Plus, they can eat at the cafe they've dubbed "The Pig" once a week or so. Saban, meanwhile, seldom ventures into Tuscaloosa restaurants because he gets mobbed by fans.
"I've been able to get to know and maintain a relationship with the townspeople and the folks in the area," Blakeney said. "I've been certainly part of the small-town environment. We both sort of grew up that way. We've really enjoyed living here."
Troy defensive coordinator Jeremy Rowell played on Blakeney's first Troy team. He calls him a "fabulous coach," but talks mostly about his personality and folksy charm.
"I'm sure he'd be offended if anybody says he's a celebrity in this town," Rowell said. "Everybody throughout the public knows him. He talks to everybody he sees. He'll go out and eat lunch and people say, 'Hey coach.' And he'll say hey and know who they are. That's just been from being here so long."
And that longevity comes from winning. Last season, the Trojans were the first Sun Belt team to go 8-0 in the league before falling 44-41 to Central Michigan in the GMAC Bowl. They have pulled upsets of Missouri and Oklahoma State since moving up to FBS, the former Division I-A.
Former players don't talk so much about his football acumen, though.
"He's just such a people person," said Mike Turk, a former Troy quarterback and assistant coach. "If you're around him five minutes you want to be around him for 10 more. At a place like Troy where there's a lot of good people, they recognize a good person, a genuine person.
"There have been a lot of people willing to help him with the program. It takes that. For a school like Troy in a small town to be as successful as it has on the ultimate level of football, you kind of have to have everybody on board. And he is that guy."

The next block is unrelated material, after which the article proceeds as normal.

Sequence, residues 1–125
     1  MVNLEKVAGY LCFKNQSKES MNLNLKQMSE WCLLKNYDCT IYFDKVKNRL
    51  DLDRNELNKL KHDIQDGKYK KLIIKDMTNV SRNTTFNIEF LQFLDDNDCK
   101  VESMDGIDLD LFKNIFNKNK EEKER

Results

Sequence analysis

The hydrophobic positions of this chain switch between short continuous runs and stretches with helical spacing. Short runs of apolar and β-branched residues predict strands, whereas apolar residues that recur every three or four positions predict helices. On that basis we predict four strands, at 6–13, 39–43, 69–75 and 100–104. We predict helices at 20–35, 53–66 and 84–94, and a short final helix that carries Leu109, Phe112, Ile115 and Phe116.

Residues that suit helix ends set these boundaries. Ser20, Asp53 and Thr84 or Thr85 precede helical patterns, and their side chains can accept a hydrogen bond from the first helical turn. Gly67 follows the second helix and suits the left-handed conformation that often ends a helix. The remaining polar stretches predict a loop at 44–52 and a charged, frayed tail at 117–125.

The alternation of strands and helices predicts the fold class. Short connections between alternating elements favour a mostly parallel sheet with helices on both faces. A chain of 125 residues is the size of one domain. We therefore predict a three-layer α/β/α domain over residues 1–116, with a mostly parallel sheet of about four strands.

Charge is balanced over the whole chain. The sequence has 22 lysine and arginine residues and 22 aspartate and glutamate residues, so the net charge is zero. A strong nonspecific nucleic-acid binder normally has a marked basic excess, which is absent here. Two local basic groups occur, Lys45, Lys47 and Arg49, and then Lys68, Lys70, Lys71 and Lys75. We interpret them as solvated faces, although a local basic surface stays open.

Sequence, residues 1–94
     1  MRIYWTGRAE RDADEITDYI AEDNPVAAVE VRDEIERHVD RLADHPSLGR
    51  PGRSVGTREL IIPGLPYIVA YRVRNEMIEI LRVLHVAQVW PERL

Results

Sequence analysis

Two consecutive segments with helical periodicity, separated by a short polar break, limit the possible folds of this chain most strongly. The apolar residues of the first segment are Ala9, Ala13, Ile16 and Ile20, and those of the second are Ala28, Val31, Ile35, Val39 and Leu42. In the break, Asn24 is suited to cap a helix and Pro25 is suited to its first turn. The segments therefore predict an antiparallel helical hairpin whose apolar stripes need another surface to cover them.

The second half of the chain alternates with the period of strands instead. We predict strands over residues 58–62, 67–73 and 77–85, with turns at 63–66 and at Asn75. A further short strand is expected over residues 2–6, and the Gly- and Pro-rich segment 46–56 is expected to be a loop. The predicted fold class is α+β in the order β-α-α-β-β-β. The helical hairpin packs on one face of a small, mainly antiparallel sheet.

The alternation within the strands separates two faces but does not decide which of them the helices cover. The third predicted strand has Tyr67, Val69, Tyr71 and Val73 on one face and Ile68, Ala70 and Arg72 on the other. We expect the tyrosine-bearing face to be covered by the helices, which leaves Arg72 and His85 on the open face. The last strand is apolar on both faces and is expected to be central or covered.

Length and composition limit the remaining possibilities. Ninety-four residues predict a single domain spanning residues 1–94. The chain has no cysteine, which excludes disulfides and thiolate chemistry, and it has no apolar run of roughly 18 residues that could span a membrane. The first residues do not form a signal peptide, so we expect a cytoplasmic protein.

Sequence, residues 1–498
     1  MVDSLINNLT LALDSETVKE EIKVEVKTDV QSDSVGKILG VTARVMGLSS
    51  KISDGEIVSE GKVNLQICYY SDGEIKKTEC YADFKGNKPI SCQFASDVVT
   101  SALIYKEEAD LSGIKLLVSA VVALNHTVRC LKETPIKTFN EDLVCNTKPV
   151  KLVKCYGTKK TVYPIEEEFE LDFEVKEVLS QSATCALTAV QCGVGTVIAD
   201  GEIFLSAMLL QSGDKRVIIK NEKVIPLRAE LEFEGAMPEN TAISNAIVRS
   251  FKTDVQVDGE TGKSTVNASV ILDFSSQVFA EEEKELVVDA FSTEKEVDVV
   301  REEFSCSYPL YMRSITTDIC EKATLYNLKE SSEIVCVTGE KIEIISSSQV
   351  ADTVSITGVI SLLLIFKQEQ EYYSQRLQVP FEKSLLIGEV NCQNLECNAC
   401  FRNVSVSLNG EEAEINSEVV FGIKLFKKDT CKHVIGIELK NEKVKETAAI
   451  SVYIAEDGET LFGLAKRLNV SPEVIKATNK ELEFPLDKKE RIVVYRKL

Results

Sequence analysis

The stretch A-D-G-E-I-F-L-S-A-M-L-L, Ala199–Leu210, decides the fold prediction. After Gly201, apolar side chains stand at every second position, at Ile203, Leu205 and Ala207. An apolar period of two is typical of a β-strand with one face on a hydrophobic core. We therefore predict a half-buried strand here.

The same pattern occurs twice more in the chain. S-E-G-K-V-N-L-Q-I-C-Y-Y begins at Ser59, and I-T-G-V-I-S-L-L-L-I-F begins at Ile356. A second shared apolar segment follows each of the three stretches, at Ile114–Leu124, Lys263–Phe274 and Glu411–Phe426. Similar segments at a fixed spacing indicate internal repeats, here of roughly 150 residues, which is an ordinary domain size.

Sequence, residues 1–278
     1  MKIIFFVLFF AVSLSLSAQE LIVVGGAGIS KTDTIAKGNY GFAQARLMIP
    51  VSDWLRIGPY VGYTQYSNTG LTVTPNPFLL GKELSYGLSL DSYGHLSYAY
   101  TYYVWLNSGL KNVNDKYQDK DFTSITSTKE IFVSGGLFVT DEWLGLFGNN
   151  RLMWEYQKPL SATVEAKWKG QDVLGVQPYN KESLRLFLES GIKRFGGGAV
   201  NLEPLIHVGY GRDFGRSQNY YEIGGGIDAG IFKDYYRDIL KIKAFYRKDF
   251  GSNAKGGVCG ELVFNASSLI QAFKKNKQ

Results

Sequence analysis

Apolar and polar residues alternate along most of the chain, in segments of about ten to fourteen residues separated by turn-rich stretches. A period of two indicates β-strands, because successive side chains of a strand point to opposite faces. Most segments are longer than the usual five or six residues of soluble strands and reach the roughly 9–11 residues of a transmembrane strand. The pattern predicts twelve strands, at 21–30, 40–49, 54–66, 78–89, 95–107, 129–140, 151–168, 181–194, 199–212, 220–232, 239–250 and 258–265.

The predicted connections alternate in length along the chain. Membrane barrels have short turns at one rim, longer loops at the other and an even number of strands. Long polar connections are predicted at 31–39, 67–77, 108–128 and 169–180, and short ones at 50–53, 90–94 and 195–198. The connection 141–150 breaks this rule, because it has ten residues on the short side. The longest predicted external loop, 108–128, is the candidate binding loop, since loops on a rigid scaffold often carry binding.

Blakeney also has changed with the times, switching from a run-oriented option attack to a fast-paced spread offense.
"The way he termed it was he was going to put the cart before the horse," said Turk, now head coach at Division III Huntingdon in Montgomery. "We were going to start running that style of offense before we had the players to run it. We took a lump or two along the way.
"You see the results now."
Blakeney couldn't have mapped out his career track, even minus the Ramsey situation.
After graduating from Auburn, he spent three months with a paper company in Atlanta. It was the last time he worked out of the state. He came back to sell insurance for a company partly owned by Bear Bryant.
Blakeney was sitting in a barbershop in his tiny hometown of Gordo, just outside Tuscaloosa, when a friend told him the Southern Academy coach had quit about a week before the season. Another friend recommended him for the job even though he had never coached.
Eight days later, they won their first game, 6-0, he said. They played for the state title in AISA, a private schools league, the second year. Two more high school stops led him back to Auburn.
"A lot of things happen and sometimes you don't know why," Blakeney said. "I think I was being manipulated a little bit by forces that knew what I needed to do. It's turned out to be right 40 years later, at least from the standpoint of being happy, having a little success and being around some great folks along the way."